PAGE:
Chavez Holiday Change Assailed
L.A. council members stall efforts by city engineers to exchange the paid day off for a floating vacation day.
By Patrick McGreevy
Times Staff Writer
A group of Los Angeles City Council members objected Tuesday to a proposal by many city engineers to drop Cesar Chavez Day as one of their paid holidays, calling the plan an "insult" to the memory of the labor leader and to Latinos.
Councilmen Tony Cardenas and Ed Reyes successfully led others in delaying approval of the change until officials with the International Brotherhood of Electrical Workers Local 18 could voice their concerns today before the council.
"I don't know if the Latino leadership of the union understands the insult I feel is being made by disregarding, through this action, the significance of Cesar Chavez," Reyes said. "Do they really mean to say that Cesar Chavez didn't matter?"
The 1,450 engineers and administrative workers at the city Department of Water and Power recently changed union representation. Their previous contract with the Engineers and Architects Assn. included a Cesar Chavez holiday.
The new contract with the union gives a floating day off and a half day before Christmas, and the DWP board has agreed to change the engineers' contract to be consistent with the union's.
Chavez, the founder and leader of the United Farm Workers, died in 1993. His birthday will be commemorated Monday as a state holiday, but not all city employees have the day off.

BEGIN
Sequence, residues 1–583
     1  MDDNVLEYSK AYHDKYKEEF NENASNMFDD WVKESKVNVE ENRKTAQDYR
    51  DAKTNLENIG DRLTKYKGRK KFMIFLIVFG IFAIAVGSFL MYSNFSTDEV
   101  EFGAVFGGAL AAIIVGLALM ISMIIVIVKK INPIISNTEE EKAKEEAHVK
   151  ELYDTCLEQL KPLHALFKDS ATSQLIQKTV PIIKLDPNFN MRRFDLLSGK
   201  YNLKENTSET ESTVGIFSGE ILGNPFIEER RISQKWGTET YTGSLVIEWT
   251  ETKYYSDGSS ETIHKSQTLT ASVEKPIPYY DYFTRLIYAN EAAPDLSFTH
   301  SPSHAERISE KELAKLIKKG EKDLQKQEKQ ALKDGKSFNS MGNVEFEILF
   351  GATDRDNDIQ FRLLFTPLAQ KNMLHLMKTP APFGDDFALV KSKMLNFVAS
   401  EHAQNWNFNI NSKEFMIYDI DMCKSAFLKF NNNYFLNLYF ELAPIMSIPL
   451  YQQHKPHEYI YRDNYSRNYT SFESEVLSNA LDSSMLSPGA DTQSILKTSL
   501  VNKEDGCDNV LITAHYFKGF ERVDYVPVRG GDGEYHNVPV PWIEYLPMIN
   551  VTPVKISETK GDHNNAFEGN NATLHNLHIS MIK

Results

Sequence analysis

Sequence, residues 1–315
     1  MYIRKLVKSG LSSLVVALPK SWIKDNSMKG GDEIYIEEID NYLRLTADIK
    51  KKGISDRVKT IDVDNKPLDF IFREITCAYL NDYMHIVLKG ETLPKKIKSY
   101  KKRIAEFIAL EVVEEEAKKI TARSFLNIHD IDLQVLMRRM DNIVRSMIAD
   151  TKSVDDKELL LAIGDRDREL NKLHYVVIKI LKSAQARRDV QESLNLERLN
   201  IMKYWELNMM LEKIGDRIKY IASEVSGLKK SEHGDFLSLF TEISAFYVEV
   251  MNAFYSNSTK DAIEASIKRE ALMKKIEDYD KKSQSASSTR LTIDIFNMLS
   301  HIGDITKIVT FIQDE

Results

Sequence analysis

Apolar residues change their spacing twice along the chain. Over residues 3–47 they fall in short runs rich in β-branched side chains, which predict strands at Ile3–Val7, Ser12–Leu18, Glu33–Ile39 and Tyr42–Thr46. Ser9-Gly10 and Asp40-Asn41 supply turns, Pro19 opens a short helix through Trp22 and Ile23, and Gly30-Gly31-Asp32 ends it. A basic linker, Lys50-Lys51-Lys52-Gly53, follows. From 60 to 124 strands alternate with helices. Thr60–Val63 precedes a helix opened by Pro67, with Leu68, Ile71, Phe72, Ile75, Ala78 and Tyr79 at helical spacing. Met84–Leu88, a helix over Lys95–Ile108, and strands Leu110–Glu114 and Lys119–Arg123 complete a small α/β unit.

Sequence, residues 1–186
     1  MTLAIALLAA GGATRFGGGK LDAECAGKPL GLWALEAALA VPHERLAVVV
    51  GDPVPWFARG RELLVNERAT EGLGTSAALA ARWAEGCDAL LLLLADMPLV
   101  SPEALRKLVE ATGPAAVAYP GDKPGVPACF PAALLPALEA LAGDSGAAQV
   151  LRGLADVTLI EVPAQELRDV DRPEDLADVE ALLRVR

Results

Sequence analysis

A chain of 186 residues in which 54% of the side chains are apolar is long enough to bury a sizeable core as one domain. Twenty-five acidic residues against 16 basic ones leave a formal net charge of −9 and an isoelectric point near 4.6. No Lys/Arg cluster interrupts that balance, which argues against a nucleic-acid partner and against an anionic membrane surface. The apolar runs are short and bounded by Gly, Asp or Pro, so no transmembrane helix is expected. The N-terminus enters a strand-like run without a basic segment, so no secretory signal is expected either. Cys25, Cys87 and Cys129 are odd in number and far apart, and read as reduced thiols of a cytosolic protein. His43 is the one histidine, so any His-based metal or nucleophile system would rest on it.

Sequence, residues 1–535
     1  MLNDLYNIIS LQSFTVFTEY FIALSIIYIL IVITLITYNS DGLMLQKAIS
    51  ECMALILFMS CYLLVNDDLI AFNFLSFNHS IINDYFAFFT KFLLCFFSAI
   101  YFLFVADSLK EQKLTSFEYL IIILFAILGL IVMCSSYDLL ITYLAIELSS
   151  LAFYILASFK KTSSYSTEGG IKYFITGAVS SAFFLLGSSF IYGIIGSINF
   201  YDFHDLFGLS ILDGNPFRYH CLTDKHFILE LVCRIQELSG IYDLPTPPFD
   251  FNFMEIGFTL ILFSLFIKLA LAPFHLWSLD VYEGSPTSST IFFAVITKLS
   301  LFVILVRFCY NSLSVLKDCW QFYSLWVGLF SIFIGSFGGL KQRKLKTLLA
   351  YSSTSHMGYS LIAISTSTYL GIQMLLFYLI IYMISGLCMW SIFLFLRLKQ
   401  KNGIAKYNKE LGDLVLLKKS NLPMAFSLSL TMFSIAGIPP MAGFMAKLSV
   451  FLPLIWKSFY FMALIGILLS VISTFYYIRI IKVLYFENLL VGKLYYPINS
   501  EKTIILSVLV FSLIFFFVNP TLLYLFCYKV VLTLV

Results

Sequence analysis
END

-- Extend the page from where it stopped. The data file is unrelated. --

If the engineers drop Cesar Chavez Day, only 250 of the DWP's 8,200 employees would be left with contracts that give them the holiday, though many others may take the day off by using a floating holiday, said Hal Lindsey, the department's assistant general manager.
"This is certainly no intention to discredit or in any way demean the importance of that great labor leader," Lindsey told the council.
An additional 22,000 civilian employees in council-controlled city agencies will have Monday off, and City Hall will be closed.
Cardenas said the DWP, which is semiautonomous, should also make Chavez Day a holiday for its workers.
"It's really disappointing to see that such a strong organization would pass up the opportunity to, once a year, reflect on someone who not only preached, but lived nonviolence just like Martin Luther King Jr., who has a recognized holiday," Cardenas told Lindsey.
IBEW leaders declined to comment on the issue, but council members Marin Ludlow and Jan Perry supported delaying a vote on the change to allow members time to discuss their concerns with union leaders.
"You are taking a symbol which is an inspiration to many people across the board and sacrificing that," Perry said of the proposed change.
Describing the issue as an emotional one for him, Reyes said he believes the Latino community in Los Angeles had been neglected for decades. "I can't emphasize to you any more the need to have the youth of our city — Spanish-surnamed Latinos, Mexicanos, Latin Americans — to be able to point to a hero," Reyes said. "And what this gesture does in my mind is it takes away from that sense of honor."